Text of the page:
Merino wool. Merino base layers are considered by many (including me) to be the best type of fabric for long johns in extremely cold weather. Merino base layers are excellent for almost all weather conditions. They quickly wick moisture and are naturally odor resistant.
Thermos are great because they retain body heat better than your jeans or men’s shirts when it’s incredibly cold. The best thermal clothing also wicks away sweat so you don’t get cold. So you don’t freeze as quickly when shoveling snow as you would without thermal clothing.
Heavy base layers have thicker fabrics that keep you warm at all times. Overall, this extra insulation makes them the best cold-weather base layer.
For maximum insulation, thermal clothing should fit snugly against the body with no gaps around the waist, neck or wrists. Thermals that are too tight cause discomfort, but if thermals are too loose you risk cold air seeping through your layers. Loose thermals are suitable for warmer conditions.
Merino wool is the best material for thermals. For maximum warmth, wool, specifically from Merino sheep, is the best choice for thermal underwear. According to Smartwool, merino wool is ultra-thin – one-third the diameter of a human hair – and soft, unlike the prickly, itchy feel of traditional wool.
Think of it as the latest underwear-than-outerwear trend: thermals – those things that are usually hidden under clothing in sub-zero temperatures – can now be worn solo.
It integrates one of the world’s lightest yet incredibly insulating solid substances – Aerogel – into a jacket’s lining and claims to create the world’s thinnest, warmest and most breathable coat ever. Airgel is not new.
Synthetic: Lightweight and made for extreme cold, synthetic fabrics are the material of choice for thermal clothing. Made from polyester, spandex, nylon or lycra, these are often blended with another synthetic or natural fiber for excellent heat retention and moisture wicking properties.
While some may argue that there is a difference between a thermal and a base layer, they are essentially the same thing. Whatever you want to call them, thermos are designed to wick away moisture, regulate your body heat and stretch so you can move freely.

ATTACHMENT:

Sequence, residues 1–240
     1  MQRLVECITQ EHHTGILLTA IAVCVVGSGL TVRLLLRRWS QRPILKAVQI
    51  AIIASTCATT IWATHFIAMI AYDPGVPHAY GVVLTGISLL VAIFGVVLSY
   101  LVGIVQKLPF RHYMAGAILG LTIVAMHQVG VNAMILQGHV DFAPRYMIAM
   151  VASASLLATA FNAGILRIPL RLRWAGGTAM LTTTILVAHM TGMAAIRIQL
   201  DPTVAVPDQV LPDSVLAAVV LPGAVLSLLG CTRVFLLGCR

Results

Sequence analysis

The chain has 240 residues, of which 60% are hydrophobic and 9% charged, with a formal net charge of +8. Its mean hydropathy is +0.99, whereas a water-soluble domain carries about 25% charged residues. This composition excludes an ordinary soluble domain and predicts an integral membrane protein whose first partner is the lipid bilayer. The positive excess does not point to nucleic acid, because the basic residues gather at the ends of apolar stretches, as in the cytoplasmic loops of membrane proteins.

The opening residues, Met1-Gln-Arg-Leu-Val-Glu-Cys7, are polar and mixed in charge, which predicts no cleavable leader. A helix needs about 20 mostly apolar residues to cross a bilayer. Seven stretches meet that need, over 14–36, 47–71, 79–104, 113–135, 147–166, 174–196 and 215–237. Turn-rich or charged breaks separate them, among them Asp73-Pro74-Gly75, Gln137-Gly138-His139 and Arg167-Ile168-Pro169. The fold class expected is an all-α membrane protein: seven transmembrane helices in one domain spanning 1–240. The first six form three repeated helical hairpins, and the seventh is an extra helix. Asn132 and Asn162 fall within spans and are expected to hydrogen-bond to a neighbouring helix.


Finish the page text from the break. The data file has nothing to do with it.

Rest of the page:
Thermos are a perfect pair of pajamas as they fit snugly and don’t allow your body heat to escape. This keeps cold air out, so you don’t need as many blankets as you’re used to. If you wake up sweaty in the morning from too many blankets, consider a women’s thermal underwear set.
Wear thermals at night
You should also take a look at the inside temperature in the evening before you go to bed. If you find that the temperature is below 18°C, you should sleep in your thermal pants.
You only need about two to three pairs of long underwear. You may want to buy more depending on your style and how often you wear them. Also keep in mind that many long johns come in a variety of colors and styles. They will be light but still fit your body like a second skin.
Protein fibers work synergistically with our skin to form an insulating second skin that warms to our body temperature. Silk is better than merino wool because it dries faster and allows the skin moisture that causes heat loss to evaporate more easily. Silk layers are also very strong and won’t go into holes like merino.
A base layer is the layer closest to your skin and should act like a constant “second skin” throughout the day. Underwear provides a warming layer and absorbs and evaporates your sweat to keep you warm and comfortable.
1. Wool. Make sure you stock up on wool sweaters for winter – this fabric is the warmest you can find. As you probably know, wool comes from sheared sheep (and sometimes other animals).